Attacker Scott Wright battled back from a serious knee injury only to have his Aberdeen comeback wrecked by the Covid-19 outbreak.
Initial fears were that the 22-year-old’s season was over after suffering cruciate ligament damage last September that required surgery.
The normal prognosis is nine to 12 months out.
However, Wright was set to return earlier than anticipated just as the coronavirus pandemic hit. He had two full training sessions before Scottish football was shut-down at all levels on March 13.
Now that the Dons have returned for socially-distanced training to work towards the August 1 Premiership restart, Aberdonian Wright is ready to make up for lost time.
He said: “I was gutted with the way things worked out.
“Adam (Stokes, Aberdeen head of medicine and football science) and myself worked so hard to try and get back before the end of the campaign.
“The plan at first was to say my season was over, but we both knew that I would have had a chance of coming back before the end if we applied ourselves right.
“I managed to get fit and got two training sessions in.
“I was going to be playing for the reserves midweek after the Motherwell game on the Friday night, and then I would have been classed as returned to fully fit.
“I trained on Wednesday and Thursday, felt good and then got the message everyone had been sent home due to Covid.
“And I had not been back into the training ground since.
“In my mind I was going to be pushing for a place in the squad for the Hearts game after the international break.
“I felt brilliant, really strong.
“It was frustrating, but these things happen and there is no point dwelling on it.
“I have to now apply myself during pre-season. I want to try and an extended run in the team.
“I feel really good as I was running during the lockdown.”
Wright began last season strongly and scored in the 5-0 defeat of Chikhura Sachkhere in the Europa League at Pittodrie.
Then he suffered the knee injury in September.
Wright said: “It was at training. The ball was rolling towards me and I had my back to goal. I tried to turn and tried to go over my shoulder.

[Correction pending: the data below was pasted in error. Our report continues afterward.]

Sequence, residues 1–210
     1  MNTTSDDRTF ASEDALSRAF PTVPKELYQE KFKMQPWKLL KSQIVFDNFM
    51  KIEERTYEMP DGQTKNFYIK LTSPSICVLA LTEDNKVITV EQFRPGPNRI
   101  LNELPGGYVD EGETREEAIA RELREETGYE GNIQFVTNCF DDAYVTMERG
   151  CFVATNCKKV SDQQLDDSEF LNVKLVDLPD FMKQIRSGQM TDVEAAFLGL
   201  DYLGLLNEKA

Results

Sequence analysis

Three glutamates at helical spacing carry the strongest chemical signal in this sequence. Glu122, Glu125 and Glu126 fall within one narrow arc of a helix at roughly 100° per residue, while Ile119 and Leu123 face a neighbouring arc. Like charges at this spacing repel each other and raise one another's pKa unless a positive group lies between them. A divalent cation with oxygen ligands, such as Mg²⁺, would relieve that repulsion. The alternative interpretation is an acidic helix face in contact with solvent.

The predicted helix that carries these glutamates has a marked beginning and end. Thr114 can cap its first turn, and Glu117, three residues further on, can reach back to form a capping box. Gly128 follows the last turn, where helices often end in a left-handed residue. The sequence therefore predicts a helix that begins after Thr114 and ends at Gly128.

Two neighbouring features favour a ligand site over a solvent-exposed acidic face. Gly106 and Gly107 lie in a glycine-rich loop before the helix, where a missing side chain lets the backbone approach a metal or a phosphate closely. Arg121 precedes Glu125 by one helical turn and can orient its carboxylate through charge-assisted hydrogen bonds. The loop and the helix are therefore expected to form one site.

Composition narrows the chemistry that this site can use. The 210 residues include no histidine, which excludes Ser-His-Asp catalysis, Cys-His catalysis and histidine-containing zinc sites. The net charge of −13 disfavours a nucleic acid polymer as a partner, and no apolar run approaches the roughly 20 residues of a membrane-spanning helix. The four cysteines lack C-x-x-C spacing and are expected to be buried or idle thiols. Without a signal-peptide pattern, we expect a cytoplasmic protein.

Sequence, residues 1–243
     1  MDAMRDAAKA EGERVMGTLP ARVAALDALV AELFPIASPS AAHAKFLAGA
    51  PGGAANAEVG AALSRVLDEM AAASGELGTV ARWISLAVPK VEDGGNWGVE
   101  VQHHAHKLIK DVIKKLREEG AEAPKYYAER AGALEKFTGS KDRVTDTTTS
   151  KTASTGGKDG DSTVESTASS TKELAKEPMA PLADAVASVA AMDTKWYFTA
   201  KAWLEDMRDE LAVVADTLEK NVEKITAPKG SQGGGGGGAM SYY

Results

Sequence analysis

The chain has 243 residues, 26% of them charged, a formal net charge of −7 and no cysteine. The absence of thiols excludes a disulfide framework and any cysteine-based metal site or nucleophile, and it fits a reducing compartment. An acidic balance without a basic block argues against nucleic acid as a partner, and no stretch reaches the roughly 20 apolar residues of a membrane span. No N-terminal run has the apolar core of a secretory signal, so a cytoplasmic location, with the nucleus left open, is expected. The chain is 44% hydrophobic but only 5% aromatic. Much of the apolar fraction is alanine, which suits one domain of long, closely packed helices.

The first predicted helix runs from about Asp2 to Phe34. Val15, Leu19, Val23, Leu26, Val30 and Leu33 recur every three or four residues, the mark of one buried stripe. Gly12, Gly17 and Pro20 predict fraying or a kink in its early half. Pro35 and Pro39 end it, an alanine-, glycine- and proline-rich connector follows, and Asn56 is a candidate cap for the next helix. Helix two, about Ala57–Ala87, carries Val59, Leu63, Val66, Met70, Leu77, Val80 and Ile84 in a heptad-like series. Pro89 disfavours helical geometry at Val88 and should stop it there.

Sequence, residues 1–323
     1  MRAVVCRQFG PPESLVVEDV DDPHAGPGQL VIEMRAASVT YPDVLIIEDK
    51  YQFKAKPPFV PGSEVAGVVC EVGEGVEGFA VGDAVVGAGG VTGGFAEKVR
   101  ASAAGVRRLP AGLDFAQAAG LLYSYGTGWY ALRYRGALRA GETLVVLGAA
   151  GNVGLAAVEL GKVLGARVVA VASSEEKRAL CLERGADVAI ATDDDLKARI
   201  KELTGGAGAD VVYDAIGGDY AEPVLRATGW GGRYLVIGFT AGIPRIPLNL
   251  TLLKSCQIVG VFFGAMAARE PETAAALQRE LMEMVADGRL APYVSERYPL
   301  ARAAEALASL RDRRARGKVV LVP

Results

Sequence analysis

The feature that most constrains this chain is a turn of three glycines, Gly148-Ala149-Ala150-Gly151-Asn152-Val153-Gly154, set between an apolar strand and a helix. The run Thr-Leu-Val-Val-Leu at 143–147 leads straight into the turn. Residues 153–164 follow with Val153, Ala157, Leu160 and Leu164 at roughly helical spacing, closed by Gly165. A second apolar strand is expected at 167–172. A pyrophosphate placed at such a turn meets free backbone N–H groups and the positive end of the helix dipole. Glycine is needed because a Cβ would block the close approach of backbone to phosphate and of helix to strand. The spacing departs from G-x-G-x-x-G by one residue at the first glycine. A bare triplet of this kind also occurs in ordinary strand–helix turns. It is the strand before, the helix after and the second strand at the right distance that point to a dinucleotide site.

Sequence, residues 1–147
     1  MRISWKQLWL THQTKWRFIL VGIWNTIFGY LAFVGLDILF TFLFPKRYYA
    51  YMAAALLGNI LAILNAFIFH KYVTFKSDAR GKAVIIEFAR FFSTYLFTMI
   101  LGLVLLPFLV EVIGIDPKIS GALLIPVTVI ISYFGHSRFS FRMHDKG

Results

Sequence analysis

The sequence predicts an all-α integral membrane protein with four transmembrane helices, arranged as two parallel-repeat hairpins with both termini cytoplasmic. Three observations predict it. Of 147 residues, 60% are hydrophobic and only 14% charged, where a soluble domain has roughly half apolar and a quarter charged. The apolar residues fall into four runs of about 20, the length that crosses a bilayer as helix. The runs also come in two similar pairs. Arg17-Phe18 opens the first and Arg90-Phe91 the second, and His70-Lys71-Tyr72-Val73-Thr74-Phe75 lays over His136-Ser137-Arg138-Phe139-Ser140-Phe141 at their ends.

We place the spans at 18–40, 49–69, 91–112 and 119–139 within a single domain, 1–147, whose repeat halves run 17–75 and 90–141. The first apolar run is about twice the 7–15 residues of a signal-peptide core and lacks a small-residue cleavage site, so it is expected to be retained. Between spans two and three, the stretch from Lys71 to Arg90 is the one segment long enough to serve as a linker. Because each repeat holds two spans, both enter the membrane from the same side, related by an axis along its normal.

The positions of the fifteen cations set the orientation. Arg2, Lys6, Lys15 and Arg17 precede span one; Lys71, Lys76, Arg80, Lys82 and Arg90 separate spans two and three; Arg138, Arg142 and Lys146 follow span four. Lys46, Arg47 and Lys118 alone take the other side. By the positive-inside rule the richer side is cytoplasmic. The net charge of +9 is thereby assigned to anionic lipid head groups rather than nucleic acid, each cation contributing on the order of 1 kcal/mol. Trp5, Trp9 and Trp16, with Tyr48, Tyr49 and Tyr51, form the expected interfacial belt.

“My foot got stuck in the ground, my body turned and my knee went the other way.
“It felt like slow motion and I heard a crack as I twisted.
“I remember falling back, hitting the ground and it was really sore. We thought I might have just tweaked the cartilage on the outside of my knee.
“My knee hadn’t swollen up.
“We got a scan the next day.
“That night Adam phoned me to say it was bad news.”
Faced with the devastating news his season would likely be over Wright admits he experienced a rush of emotions as the severity of the injury sank in.
Wright had suffered a tear to his anterior cruciate ligament.
He said: “Once I got the call, I thought that is nine to 12 months at least. At first I was frustrated, then gutted, then angry – I got that rush of emotions in the space of half an hour.
“It had completely torn and was just floating.
“However, I had no pain in my knee. I could walk and felt like I could have jogged.
“Occasionally it would just give way under me. Just twisting in a training session made it a bit harder for me to take.”
Wright subsequently operated on by world-renowned Professor Gordon Mackay in Glasgow.
He said: “After picking up the injury, I was down for a couple of days after I got the phone call telling me about the scan results.
“But I bounced back very quickly and a lot of that was down to the fact I knew how good Adam was. I knew that I was in the best hands possible.
“I said to myself that I would come out stronger from the experience.
“I thought I can be gutted tonight, but tomorrow I go back to work, which is trying to get fit.
“After the surgery is when the hard work really started.”
Wright worked closely with Stokes during his rehabilitation.
However, he was also inspired by the return of centre-backs Mikey Devlin and Mark Reynolds, now at Dundee United, from similar knee injuries.
He said: “I took a lot of encouragement from seeing what had happened with Mark Reynolds and the way Adam helped him. I knew it was unlikely that I would be back as quickly as he was, that was remarkable, but it gave me the motivation to try and be back as quick as possible.
“The medical staff made it a good environment, a happy place for me to come into every day.
“They kept me motivated every single day. At first it is quite slow and you start to get a bit frustrated as you want to get to the next stage and move on, but you have complete trust in what they are telling you.
“As well as Adam, Mikey Devlin was brilliant with me. Mikey also had similar injuries. I watched the way he looked after himself – he was always in the gym before training and after training to make sure it did not happen again.
“I was really impressed with the way he approached it.
“Everyone did their bit, especially the manager, to keep me involved as much as possible.”